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VIFF 2010, Day 3: Saturday Night at the Film Festival

Day Three of the 29th annual Vancouver International Film Festival, and the Fest held two movies in store ...

Cold Fish (Grade: B-): A wacky, phantasmagorical and generally sort of wigged out take on a gruesome and bloody murder spree that occurred in Japan earlier in the decade, Japanese writer-director Sono Shion introduces us to a typically unhappy Japanese family, a recently remarried father, his none-too-happy bride and his even unhappier teenage daughter. Enter the owner of a local tropical fish store who employs the business as a front for underworld crime, not the least of which revolves around his delight in 'making people invisible', an avocation consisting mainly of cutting his victims into pieces and disposing of them. Want some sushi? Grisly, sexy, brash and ultimately pointless, Cold Fish is just about as dark as they come (we're referring to the comedic elements in the film), and apart from the bloodbaths splattering the screen during the film's overlong 144-minute running time there's some actual cinematic inventiveness at work in the film. (No more screenings planned, which may not be such a bad thing)

Made In Degenham

Made in Degenham (Grade: B): The break-out hit of the year in Great Britain, this tale of female empowerment revolves around the inspiring leadership of reluctant union activist Rita O'Grady (Sally Hawkins), who in 1968 led 187 of her co-workers in a struggle to achieve equal pay for work of equal value against the Ford Motor company. Now, we'd be misleading you if we didn't admit that we were teary-eyed during much of the latter portion of the film. Still, even given the inspiring story the film tells there's something ultimately dishonest and manipulative about the approach that director Nigel Cole (Calendar Girls) has taken with the subject matter, resulting in a somewhat pedestrian, if audience-pleasing, film. Made in Degenham will return in regular theatrical run (after all, it's a Paramount movie) but if you want to see it sooner rather than later there's another VIFF screening next Saturday, Oct. 9th @ 1:15pm, at the Granville 7, Th 7.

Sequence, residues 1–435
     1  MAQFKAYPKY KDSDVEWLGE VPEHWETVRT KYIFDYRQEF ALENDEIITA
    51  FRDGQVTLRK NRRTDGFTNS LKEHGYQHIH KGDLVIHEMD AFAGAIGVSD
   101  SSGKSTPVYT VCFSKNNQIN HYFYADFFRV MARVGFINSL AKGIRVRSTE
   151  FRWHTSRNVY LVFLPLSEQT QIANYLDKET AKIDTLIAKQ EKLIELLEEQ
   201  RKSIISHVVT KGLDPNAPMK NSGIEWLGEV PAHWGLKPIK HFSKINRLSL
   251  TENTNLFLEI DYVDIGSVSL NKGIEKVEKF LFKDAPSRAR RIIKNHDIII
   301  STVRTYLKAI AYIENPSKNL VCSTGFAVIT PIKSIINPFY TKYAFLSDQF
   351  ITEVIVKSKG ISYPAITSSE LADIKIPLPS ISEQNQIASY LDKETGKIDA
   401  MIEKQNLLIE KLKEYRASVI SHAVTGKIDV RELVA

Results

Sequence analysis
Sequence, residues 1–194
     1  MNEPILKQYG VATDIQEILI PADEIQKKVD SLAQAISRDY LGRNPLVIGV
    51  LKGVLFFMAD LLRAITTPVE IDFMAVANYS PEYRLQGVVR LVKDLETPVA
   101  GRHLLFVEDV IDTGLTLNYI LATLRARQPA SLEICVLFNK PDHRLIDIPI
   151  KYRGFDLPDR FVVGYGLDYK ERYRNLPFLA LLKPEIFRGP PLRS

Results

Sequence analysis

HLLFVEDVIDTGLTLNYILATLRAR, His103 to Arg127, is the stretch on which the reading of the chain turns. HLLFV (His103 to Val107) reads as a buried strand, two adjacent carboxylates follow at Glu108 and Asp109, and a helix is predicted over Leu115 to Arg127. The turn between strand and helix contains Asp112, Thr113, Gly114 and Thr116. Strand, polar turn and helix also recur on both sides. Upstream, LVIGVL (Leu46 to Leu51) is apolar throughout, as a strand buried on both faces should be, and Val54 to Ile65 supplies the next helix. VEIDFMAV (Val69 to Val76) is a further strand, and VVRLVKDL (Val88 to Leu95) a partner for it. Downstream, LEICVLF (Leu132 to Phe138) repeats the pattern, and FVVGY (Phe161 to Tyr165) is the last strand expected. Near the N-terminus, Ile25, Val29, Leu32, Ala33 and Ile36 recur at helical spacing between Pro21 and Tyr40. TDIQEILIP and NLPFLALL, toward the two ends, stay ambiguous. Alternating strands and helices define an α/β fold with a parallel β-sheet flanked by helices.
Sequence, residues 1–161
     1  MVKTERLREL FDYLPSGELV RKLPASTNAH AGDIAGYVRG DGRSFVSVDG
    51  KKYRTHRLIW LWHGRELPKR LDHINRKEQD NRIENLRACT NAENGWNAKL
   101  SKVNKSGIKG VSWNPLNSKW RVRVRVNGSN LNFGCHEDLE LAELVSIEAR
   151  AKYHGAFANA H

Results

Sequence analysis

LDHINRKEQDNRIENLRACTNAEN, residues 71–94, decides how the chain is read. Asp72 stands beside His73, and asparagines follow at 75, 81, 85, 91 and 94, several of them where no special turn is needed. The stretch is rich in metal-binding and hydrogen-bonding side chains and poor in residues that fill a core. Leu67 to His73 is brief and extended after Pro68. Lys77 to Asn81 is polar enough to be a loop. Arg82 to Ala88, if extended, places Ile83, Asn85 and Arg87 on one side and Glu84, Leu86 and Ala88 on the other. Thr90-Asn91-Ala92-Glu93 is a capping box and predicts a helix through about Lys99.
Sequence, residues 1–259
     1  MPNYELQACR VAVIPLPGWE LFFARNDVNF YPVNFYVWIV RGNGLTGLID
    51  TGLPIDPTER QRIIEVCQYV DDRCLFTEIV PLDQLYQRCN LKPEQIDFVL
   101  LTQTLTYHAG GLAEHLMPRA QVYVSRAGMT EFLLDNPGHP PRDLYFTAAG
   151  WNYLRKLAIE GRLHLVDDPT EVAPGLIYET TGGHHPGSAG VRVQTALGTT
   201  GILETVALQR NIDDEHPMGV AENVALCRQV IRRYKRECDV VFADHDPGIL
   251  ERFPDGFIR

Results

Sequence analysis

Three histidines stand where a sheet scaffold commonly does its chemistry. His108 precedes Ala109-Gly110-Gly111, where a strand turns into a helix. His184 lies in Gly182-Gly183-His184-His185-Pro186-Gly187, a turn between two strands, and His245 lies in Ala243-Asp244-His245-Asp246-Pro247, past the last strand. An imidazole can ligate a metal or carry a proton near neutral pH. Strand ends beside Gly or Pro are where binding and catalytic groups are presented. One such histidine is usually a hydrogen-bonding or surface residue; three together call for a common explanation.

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Now, as it happens we're planning a blow-out Sunday of 5 Fest screenings, beginning with Down Terrace (recommended to us by Jason Whyte), followed by A Somewhat Gentle Man, the buzz doc Inside Job and either Catherine Breillat's The Sleeping Beauty or The Tree for the early evening show, and one of Cell 211, Stolen Dreams or My Joy for our 'last show'.

Posted by Raymond Tomlin at October 3, 2010 2:26 AM in VIFF 2010


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